Even more amazing to a an old new-musician with a bad attitude (such as myself) 30 years afterwards, this concert was reviewed by a newspaper from Long Beach, California, a large suburb of Los Angeles. Someone named Bill Arthur wrote:
I saw that the '60s never ended, and in fact began a creative musical tradition, at a concert put on by a group of young musicians called the Independent Composers Association in Los Angeles Sunday night. That the program took place in the Larchmont Center for Yoga suggest how the avant-garde (this part, at least) has matured beyond the need to be outrageous. Despite the outrageous heat, the young, hip listeners (some with infants in arm) displayed as serious musical concerns as the very committed musicians.
Read the entire article by Bill Arthur, "Independent Composers performs in Los Angeles", May 30, 1978, in the Long Beach Independent and Press-Telegram (a newspaper with both morning and evening editions).
Months later a magazine called Synapse published this review by Colin Gardner. It was entitled "Terry Riley, In C".
This particular performance was something of a revelation. The excellence of the musicianship was aided by the receptive condition of the audience, our sensual perception having been heightened by the incredibly hot evening and the absense of air conditioning in the hall. Most people were beginning to feel groggy by the beginning of In C and the perpetual pounding rhythm of the pulse and repetitive overlays of the 53 figures produced an intense experience as if being pounded into submission all the more effectively to appreciate the nuances of the orchestration. One's mind drifted into a dreamlike state for long periods, overwhelmed by the totality of the piece while at other times on could concentrate on the rhythm or on each indivicual instrument. In C is not an electronic piece, yet it somehow seems electronic, conjuring up the electronic pulses of the German sequencer-dominated music of Hoenig Schulze and Tangerine Dream.As you can tell, Colin was writing for a different type of reader than the three newspaper critics. You can read Synapse back issues here.
SOME QUOTES AND THOUGHTS ABOUT THE ICA
Being exposed to my 30-years-ago self is a bit of a shock. But a few things said in the KPFK interview got me thinking.
Leni asks us several times whether the members of the ICA have any artistic discussions among ourselves or musical influences on one another. I suppose she was thinking that a group of composers might have some artistic commonality or requirement, possibly even a specific manifesto.
Question: "Do you find that you have to have any common agreements of new music?". Anna replies:
My experience of the group is that what seems to bind us together is the desire to produce our music, to put our music out. And we have endless informal discussions on aesthetics and whatever, but it hasn't had to be a part of our formal process. We haven't had to battle out a lot around new music.Leni asked each of us "What has been the biggest change in your compositions?" Here's my answer:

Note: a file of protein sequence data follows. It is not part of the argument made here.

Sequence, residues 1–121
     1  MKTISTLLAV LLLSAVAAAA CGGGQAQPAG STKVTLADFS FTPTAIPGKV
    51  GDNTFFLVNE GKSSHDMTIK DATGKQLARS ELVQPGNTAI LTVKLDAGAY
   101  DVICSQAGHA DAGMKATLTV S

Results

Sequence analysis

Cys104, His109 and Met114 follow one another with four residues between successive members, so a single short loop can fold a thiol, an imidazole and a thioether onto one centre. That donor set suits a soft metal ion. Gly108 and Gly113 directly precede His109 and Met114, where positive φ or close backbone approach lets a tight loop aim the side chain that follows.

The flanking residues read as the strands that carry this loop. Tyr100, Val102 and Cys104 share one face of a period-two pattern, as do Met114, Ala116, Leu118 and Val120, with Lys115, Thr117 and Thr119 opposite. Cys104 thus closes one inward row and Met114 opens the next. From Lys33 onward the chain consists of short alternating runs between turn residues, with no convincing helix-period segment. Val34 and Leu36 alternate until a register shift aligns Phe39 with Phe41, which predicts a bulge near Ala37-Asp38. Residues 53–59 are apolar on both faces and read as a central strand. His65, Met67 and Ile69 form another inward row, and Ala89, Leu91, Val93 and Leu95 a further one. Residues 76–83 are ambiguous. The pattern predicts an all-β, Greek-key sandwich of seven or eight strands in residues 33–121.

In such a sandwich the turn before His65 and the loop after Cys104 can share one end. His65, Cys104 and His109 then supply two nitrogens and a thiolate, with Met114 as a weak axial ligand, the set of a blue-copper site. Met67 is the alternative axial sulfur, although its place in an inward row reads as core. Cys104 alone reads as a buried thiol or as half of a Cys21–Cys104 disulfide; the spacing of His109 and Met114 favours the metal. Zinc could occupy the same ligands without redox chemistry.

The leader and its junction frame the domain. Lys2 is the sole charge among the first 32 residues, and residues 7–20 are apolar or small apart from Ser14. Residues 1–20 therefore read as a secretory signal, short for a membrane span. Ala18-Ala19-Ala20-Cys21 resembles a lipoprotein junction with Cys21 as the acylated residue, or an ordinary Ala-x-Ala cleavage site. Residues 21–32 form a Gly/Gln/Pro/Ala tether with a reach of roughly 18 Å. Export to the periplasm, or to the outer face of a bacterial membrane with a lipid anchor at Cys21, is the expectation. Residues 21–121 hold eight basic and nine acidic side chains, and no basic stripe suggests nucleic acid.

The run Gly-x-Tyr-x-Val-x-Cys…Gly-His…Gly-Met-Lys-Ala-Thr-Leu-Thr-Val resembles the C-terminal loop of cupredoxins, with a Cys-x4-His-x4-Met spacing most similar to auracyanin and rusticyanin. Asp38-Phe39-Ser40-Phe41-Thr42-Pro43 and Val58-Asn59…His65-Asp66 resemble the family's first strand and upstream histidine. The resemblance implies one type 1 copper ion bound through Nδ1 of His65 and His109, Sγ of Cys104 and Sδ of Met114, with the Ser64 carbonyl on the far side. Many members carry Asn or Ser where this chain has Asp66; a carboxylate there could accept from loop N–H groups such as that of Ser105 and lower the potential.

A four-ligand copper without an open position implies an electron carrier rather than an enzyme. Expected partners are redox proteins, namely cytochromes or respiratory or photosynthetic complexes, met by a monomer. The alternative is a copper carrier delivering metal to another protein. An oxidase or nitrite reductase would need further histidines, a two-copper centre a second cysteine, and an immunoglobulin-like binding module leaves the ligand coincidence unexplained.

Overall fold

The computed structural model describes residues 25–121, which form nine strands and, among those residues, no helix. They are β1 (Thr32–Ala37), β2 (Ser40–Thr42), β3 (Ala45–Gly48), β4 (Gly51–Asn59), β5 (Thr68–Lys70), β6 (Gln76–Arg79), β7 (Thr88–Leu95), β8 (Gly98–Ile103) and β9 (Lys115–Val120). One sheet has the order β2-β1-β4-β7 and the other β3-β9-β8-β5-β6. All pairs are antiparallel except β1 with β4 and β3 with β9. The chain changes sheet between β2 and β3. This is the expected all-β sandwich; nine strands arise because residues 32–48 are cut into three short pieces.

I learned to be dissonant, I think. I started off with a fairly melodic, harmonic idea, conventional thoughts about music. Gradually learned that there were really no rules.At another point I said:
It's in the nature of independent composers to be obscure.Now, 30 years on, many of us have found ways to continue composing somehow or at least we've found ways to wish we had more time to start composing again. A few have become composition teachers - thereby, to my mind, losing their "independent composer" status.
We are all still really good at being obscure. And we now live in a musical world where "no rules" is even more "the rule" than it seemed to be in 1978. In other words, things haven't changed much.
And I gather that, these days, composers 30 years younger than I am are still thinking they might form ICA-like groups. The purpose now, as then, would be "to produce our music, to put our music out" (as Anna said.) My advice - "Guys, don't expect to lose your obscurity. That will just make you frustrated and unhappy." (Read an earlier Mixed Meters rant on this subject.) (Be sure to read the wonderful comments.)
I'm not sure I can remember any more why we expended all that energy to create concerts of new music. There must have been lots of hopes and dreams and ego and a sort of criminal naivete about the place of modern music in society. But in spite of all that I am completely sure that I'm glad I did it.
By the way, these quotes from the radio show have a large number of "uhs" and "ums" edited out. You're welcome.
TERRY RILEY LINKS
Terry's Homepage terryriley.com
Terry Riley entry on Wikipedia (source of the recent photo)
In C entry on Wikipedia
Download the score and instructions to In C from Other Minds
(there were no written instructions in 1978, just one page of music and a performance tradition passed verbally.)
Read about In C, Chinese Version
You can download a free long version of In C here (recommended, but there's no info on who's performing. after a few minutes research I can tell you that bad performances of In C are easy to find on the Internet)
Buy a copy of the original In C LP
Terry recently gave a solo organ recital in Walt Disney Hall. For a few days you can read Mark Swed's review here for free. Predictably, Mark liked it.
Read all Mixed Meters posts about The Second Second Story Series here.
Read all Mixed Meters posts about the Independent Composers Association (including the S.S.S.S) here.
Only the first picture (Robert Jacob's picture of Terry Riley) was taken the day of the In C concert. Click on any picture for an enlargement. The other pictures were taken by "we don't remember who". Special thanks to that person.
In C Tags: Independent Composers Association. . . ICA. . . concert series. . . composers association. . . new music. . . Center For Yoga. . . In C. . . Terry Riley. . . second story. . . Daniel Cariaga. . . Mark Swed. . . KPFK. . . Zymurgy. . . radio show. . . Leni Isaacs. . . Leni Boorstin